Tuberculosis (TB) in India: Causes, Symptoms, Impacts, Initiatives

Despite the emergence of newer killer pathogens like Ebola, M. tuberculosis still remains the top pathogenic killer. In spite of being discovered as early as the 1880s, the pathogen continues to affect millions of people – even more than malaria. Recently, WHO highlighted India’s position as the country with the highest-burden of this preventable and curable disease.

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What causes tuberculosis?

  • Tuberculosis is a bacterial disease, which is spread through the airborne route. It spreads from an infected person to others through a sneeze, spit and cough.
  • It is commonly caused by Mycobacterium tuberculosis.
  • The bacteria is noted for its weak gram-positive nature and less than the average rate of multiplication.
  • The pathogen can persist in a dry state for several weeks and can survive mild disinfectants.
  • However, these are not the only species to cause tuberculosis and humans aren’t the only ones affected by the disease.
  • Other animals including cattle, birds, rodents and reptiles can also be affected by the disease. A noted bacteria, Mycobacterium Bovis is a significant causative of tuberculosis among cattle.
  • A genetically related group of Mycobacterium, which is referred to as MTC or Mycobacterium tuberculosis Complex, is the causative pathogens of tuberculosis among animals and humans.

What are the symptoms of tuberculosis?

  • Tuberculosis most commonly affects the lungs and the respiratory system.
  • Cough with sputum (sometimes with blood), chest pain, night sweats, fever, loss of body weight, weakness, etc. are some of the common symptoms.
  • The scarring of the lung tissues, especially in the upper lobes, is one indicator of the disease.
  • In its extra-pulmonary versions, the disease may infect other systems like the lymphatic system, central nervous system, skeletal system, joints, etc.
  • One-quarter of the patients are asymptomatic (latent tuberculosis).

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What are the types of tuberculosis?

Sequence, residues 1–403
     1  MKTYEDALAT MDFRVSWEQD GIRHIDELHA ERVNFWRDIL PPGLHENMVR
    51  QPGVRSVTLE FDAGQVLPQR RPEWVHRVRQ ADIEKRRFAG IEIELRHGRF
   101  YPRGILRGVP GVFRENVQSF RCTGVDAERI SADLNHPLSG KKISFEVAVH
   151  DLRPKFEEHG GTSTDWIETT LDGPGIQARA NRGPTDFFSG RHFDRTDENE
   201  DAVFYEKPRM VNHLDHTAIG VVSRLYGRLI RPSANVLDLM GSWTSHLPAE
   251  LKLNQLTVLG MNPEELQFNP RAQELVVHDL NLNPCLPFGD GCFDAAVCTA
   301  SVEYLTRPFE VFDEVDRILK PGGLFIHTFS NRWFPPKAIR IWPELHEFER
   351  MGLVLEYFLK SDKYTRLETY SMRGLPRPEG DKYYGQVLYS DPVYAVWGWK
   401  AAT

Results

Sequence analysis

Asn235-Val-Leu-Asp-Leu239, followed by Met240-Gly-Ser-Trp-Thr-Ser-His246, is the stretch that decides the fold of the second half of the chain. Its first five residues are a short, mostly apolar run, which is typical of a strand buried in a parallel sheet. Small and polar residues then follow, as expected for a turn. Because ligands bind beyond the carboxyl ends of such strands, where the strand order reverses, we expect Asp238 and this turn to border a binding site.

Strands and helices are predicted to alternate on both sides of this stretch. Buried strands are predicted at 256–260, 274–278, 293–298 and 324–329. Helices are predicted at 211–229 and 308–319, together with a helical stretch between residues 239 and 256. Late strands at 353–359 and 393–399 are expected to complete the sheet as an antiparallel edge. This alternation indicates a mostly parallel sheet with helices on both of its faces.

• Active tuberculosis: This is the most common type. The risk of spreading the disease to others is high in this type. The pathogen actively multiplies and spreads to different organs of the body from the lungs.
  • Latent tuberculosis: This is the asymptomatic version. Unlike active tuberculosis, it is not contagious. The patient does not suffer from any of the symptoms of the disease.
  • Military tuberculosis: It is one of the most fatal forms. It affects multiple organs at once by entering into the bloodstream. It is a type of active tuberculosis but rarer.
  • Multi-drug resistant tuberculosis (MDR-TB): Tuberculosis infections that are resistant to treatment using the first line anti-Tb drugs are called MDR-TB. Infections resistant to treatment using Rifampin and Isoniazid are termed MDR-TB. A strain called ‘Beijing lineage’ is responsible for most of these cases.
  • Extensively drug-resistant tuberculosis (XDR-TB): Tuberculosis infections that are resistant to both first and second-line anti-TB drugs are called XDR-TB. These are MDR-TB infections that are resistant to Fluoroquinolone (a first-line anti-TB drug) and at least one second-line anti-TB drug-like Amikacin, Kanamycin or Capreomycin.

Who are at risk of infection?

  • Almost one-quarter of the people in the world are infected by the pathogen. However, not all exhibit active tuberculosis.
  • All the age groups are at risk, including children.
  • Most of the cases are in developing countries (95%).